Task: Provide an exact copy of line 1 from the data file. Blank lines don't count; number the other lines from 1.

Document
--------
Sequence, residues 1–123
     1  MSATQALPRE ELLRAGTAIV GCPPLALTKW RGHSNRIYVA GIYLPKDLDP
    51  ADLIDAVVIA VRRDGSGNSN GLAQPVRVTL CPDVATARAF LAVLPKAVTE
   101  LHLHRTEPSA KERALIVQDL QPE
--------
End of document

Sequence, residues 1–123